After Adolf Hitler came to power in 1933, Bonhoeffer rejected his government's efforts to create a united national Protestant church, the German Christians, that would synthesize National Socialism and Christianity. Instead, he urged evangelical Christians to join the Confessional Church, which opposed Nazism. Bonhoeffer returned to Germany to lead a Confessional Church seminary at Finkenwalde, which was closed by the authorities in October 1937.
In 1938, Bonhoeffer's brother-in-law Hans von Dohnanyi introduced him to Major General Hans Oster, Colonel General Ludwig Beck, and Admiral Wilhelm Canaris of the Abwehr. Bonhoeffer then decided to offer active resistance to the regime, and by 1939, he had become a double agent in Canaris's counterespionage service. As an Abwehr counterspy, he maintained links abroad and held to his pacifist principles.
In Stockholm in 1943, Bonhoeffer secretly saw Anglican Bishop George Bell of Chichester, England, for the Abwehr. This meeting failed to gain Allied support for the German resistance. Bonhoeffer also participated in Abwehr Operation seven to spirit Jews out of Germany.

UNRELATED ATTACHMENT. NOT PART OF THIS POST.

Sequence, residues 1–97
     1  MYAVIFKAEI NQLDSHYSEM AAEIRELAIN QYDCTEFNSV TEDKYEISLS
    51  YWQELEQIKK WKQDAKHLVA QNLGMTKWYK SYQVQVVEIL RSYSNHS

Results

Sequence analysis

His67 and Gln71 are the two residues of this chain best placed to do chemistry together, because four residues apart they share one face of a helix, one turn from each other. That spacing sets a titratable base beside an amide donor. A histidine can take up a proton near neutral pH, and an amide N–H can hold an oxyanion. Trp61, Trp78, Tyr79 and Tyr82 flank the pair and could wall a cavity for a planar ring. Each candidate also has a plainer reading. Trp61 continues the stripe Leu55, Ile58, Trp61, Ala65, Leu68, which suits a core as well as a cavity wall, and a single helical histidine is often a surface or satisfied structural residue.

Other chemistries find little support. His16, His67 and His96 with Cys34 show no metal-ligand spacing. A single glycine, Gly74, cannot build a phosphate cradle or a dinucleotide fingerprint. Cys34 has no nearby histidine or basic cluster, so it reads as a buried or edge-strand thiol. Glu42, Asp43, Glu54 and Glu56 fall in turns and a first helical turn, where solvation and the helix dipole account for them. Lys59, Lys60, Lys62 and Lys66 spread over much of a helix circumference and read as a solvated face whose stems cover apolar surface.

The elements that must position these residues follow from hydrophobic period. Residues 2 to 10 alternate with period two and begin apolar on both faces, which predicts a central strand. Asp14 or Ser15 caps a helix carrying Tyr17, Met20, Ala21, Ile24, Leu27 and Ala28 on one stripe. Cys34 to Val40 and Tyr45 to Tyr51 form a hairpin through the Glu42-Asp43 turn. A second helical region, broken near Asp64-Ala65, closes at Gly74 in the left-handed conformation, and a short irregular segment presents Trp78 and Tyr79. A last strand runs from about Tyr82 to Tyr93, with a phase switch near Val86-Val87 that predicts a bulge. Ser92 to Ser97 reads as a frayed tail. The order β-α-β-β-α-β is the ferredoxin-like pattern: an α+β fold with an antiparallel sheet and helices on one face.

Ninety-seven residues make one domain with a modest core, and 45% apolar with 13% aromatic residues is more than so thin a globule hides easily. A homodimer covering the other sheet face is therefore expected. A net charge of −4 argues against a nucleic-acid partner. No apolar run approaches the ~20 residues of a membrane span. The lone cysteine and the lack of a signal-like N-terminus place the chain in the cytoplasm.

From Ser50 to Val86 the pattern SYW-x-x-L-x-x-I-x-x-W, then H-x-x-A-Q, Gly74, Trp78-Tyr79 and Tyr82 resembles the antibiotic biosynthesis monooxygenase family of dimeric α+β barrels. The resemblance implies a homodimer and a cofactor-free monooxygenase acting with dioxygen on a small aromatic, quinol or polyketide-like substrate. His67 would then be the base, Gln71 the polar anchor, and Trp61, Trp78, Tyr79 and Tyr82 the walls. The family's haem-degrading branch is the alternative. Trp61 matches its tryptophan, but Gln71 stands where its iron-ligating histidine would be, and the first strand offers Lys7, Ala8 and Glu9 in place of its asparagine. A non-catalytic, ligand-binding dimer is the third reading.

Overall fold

Arrested by the Gestapo on 5 April 1943 on charges of conspiring to overthrow the regime, Bonhoeffer was held at the Tegel, Buchenwald, and Flossenburg concentration camps. He was hanged at Flossenburg on 9 April 1945. Many Christians consider him to be a martyr.
A. J. L. Waskey
Bethge, Eberhard. Dietrich Bonhoeffer: A Biography. Rev. ed. Minneapolis, MI: Fortress Press, 2000.; Gruchy, John W. de., ed. The Cambridge Companion to Dietrich Bonhoeffer. Cambridge: Cambridge University Press, 1999.; Robertson, Edwin. The Shame and the Sacrifice: The Life and Martyrdom of Dietrich Bonhoeffer. New York: Macmillan, 1988.